return a * b * c
        }

The returned function is now stored in mul2 variable.

In essence, mul2 will be:

mul2 = (c) => {
            return a * b * c
        }

When mul2 is called with 3 as the parameter,

const result = mul2(3);

it does the calculation with the previously passed in parameters: a = 1, b = 2 and returns 6.

log(result); // 6

Being a nested function, mul2 has access to the variable scope of the outer functions, multiply and mul1.

This is how mul2 could perform the multiplication operation with variables defined in the already exit-ed functions. Though the functions have long since returned and garbage collected from memory, yet its variables are somehow still kept "alive".

You see that the three numbers were applied one at a time to the function, and at each time, a new function is returned until all the numbers are exhausted.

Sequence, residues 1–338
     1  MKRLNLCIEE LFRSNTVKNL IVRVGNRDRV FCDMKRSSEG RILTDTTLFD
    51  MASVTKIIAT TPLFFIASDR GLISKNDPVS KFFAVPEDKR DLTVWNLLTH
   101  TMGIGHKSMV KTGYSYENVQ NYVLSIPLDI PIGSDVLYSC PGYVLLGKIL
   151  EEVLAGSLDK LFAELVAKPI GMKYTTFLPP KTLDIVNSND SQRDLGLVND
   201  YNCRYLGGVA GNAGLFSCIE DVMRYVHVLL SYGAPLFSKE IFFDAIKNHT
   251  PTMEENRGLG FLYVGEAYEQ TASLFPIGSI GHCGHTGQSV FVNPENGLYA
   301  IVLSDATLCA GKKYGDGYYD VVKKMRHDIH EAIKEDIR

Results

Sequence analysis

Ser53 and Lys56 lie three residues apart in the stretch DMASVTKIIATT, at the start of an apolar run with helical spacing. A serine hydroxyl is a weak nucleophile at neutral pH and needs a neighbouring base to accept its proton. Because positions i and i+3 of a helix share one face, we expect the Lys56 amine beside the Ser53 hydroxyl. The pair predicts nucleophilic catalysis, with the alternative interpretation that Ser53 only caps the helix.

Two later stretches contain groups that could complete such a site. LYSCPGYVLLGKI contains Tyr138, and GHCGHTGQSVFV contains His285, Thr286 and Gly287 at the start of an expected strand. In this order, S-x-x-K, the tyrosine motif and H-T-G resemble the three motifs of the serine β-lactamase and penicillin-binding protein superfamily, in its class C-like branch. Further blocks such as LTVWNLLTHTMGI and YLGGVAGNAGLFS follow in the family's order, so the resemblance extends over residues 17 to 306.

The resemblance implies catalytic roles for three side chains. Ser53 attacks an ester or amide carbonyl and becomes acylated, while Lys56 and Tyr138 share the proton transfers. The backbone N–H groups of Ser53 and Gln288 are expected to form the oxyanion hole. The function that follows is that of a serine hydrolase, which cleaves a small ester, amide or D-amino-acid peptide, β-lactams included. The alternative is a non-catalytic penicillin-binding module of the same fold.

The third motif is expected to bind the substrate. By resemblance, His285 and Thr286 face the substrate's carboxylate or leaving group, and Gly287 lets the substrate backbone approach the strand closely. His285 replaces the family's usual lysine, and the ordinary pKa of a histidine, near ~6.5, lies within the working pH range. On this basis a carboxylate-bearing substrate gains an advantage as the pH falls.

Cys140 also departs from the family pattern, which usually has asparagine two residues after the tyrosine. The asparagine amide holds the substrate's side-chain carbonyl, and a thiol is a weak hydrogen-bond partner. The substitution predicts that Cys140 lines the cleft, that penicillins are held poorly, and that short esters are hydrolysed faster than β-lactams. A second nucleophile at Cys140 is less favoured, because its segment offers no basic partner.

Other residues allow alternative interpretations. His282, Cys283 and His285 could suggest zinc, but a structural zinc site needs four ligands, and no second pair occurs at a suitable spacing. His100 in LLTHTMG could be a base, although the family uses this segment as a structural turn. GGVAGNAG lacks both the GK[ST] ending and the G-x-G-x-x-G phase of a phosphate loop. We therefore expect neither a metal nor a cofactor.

Let’s look at another example:

function volume(l,w,h) {
    return l * w * h;
}const aCylinder = volume(100,20,90) // 180000l

We have a function volume that calculates the volume of any solid shape.

The curried version will accept one argument and return a function, which also will accept one argument and return a function. This will loop/continue until the last argument is reached and the last function is returned, which will perform the multiplication operation with the previous arguments and the last argument.

function volume(l) {
    return (w) => {
        return (h) => {
            return l * w * h
        }
    }
}
const aCylinder = volume(100)(20)(90) // 180000

Like what we had in the multiply function, the last function only accepts h but will perform the operation with other variables whose enclosing function scope has long since returned. It works nonetheless because of Closure.